|Prof. Thomas Piketty, Paris School of|
Economics, author of "Capitalism..."
The closest analogy would be to the publication of John Maynard Keynes's General Theory, which in 1936 provided a way of thinking about monetary and fiscal policy that provided an economic rationale for the massive injection of monetary liquidity that was engineered by FDR and his first Treasury Secretary, Will Woodin, and the Federal budget deficits that followed.
Reportedly economists were awed then by the way Keynes solved several problems at once. Piketty has done the same thing for the discussion of income inequality.
But don't take my word for it. Paul Krugman has published several blogposts on Piketty's book, and his review of it appears in the May 8 issue of The New York Review of Books, entitled "Why We're in a New Gilded Age." Krugman sees several stages in the debate over inequality:
First, denial that rising inequality was happening on any major scale. Because of a stream of new data, sometime in the early 1990s
you could mostly say, “Oh, yeah? Guess what.” The evidence for a sharp rise in inequality [since 1975], a definitive break with the three postwar decades, was overwhelming.Second, denial that those who were getting richer was a small group. The whole top 20 percent, it was said, i.e., well-educated Americans, were getting richer.
But at a certain point — to a large extent thanks to Piketty and Emmanuel Saez [at Berkeley] — we got to say “Oh, yeah? Guess what.” Actually, rising inequality was in large part about the rise of a tiny elite, the one percent and within that the 0.1 percent.Third, denial that the ones getting richest fastest were a tiny elite as in the Gilded Age.
The answer [from Piketty] was, “Oh, yeah? Guess what.” We don’t have Gilded Age* survey data, but we do have tax records back to the early 20th century, and top income shares are right back at late-Gilded-Age levels.In his review of Piketty's book in the NY Review of Books, Krugman gives credit to Piketty for the increased interest in income inequality and above all in the focus on the top 1 percent. He also credits Saez and Anthony Atkinson at Oxford.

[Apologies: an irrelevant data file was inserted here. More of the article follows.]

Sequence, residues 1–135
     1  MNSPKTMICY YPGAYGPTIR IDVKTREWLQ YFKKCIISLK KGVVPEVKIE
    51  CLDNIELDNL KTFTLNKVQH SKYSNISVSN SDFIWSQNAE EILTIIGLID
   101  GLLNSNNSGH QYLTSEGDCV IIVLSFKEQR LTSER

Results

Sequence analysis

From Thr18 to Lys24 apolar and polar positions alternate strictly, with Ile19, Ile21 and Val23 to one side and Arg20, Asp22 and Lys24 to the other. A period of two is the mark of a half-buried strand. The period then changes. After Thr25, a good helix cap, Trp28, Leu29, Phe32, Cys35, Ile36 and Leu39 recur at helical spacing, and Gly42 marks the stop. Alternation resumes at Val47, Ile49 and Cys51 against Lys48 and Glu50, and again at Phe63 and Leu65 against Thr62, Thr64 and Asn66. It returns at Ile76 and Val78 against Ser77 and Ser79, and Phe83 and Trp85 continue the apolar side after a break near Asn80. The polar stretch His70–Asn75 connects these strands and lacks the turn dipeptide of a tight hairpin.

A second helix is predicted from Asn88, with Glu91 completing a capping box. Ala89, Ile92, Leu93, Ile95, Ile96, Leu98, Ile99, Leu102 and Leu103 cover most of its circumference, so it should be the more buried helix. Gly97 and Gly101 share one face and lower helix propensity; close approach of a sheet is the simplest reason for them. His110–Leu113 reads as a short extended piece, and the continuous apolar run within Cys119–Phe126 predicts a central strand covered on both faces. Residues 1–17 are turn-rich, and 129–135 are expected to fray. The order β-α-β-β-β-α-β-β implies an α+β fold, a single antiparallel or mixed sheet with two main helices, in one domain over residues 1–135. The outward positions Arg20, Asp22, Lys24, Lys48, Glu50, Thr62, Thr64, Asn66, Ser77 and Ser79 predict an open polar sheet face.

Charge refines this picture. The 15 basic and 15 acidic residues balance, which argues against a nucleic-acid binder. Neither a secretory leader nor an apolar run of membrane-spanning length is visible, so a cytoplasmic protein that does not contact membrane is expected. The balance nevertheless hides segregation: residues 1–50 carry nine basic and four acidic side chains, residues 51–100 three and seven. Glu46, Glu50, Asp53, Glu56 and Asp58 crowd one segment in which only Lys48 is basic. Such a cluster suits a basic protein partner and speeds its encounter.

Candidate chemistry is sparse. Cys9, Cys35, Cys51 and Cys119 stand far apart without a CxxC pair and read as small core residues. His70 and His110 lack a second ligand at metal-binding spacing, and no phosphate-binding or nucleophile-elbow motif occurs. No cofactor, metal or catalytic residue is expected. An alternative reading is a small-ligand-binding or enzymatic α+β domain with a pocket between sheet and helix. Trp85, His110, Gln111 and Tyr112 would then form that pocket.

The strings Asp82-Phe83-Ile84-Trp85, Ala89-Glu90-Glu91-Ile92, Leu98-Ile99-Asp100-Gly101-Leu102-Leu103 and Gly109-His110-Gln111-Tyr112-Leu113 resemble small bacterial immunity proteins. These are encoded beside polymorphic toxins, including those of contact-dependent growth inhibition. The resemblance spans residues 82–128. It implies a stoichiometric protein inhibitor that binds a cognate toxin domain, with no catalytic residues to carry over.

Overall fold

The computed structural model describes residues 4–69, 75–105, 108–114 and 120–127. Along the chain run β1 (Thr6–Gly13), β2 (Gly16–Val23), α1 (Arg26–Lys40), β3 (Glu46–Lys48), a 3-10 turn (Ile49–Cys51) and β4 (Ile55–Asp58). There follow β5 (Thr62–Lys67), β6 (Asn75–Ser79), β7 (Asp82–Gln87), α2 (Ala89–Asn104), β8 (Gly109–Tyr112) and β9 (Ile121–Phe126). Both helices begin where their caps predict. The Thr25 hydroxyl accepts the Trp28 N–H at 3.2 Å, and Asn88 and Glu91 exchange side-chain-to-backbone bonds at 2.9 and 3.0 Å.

Piketty's bottom-line message, says Krugman, is that the United States is on a path back to
"patrimonial capitalism" in which the commanding heights of the economy are controlled not by talented individuals but by family dynasties.Krugman gives credit to Piketty for using tax records to go back before survey data on incomes were generated by the Census Bureau and other agencies. This takes the United States back to 1913 and Britain back to 1909. France has wealth-tax records going back to the French Revolution.
Piketty's essential theory is that if workers can be replaced easily by machines, the rate of return to capital (r) will exceed the rate of growth (g) and this will lead to greater concentration of wealth.
Krugman thinks this is a terrific theory but he and Piketty both have this nagging concern that maybe the higher inequality of income resulting from "supersalaries" could be a significant factor. But the onus for this goes back to the U.S. government for lowering the tax rate, making the marginal increase in incomes worth the time of CEOs to pursue.
The drift toward oligarchy is not inevitable, but both Piketty and Krugman think it is probable. This will be comforting for you, or afflicting, depending on your point of view. But, as Krugman says, with the publication of this book "we'll never talk about wealth and inequality the same way we used to."
* Some writers use "Gilded Age" as largely synonymous with "Belle Epoque". The advantage of using "Gilded Age" is multiple - it doesn't require an acute accent over the E in Epoque, it doesn't require the reader to know anything about a complicated period of European history, and it refers to American robber barons that we all know about, like Andrew Carnegie. The main difference in the timing is that the Belle Epoque starts in the early 1870s and goes all the way to World War I, whereas the Gilded Age stops with the end of the 19th Century or maybe with the death of Queen Victoria in January 1901 (in those days, finance still revolved around London).
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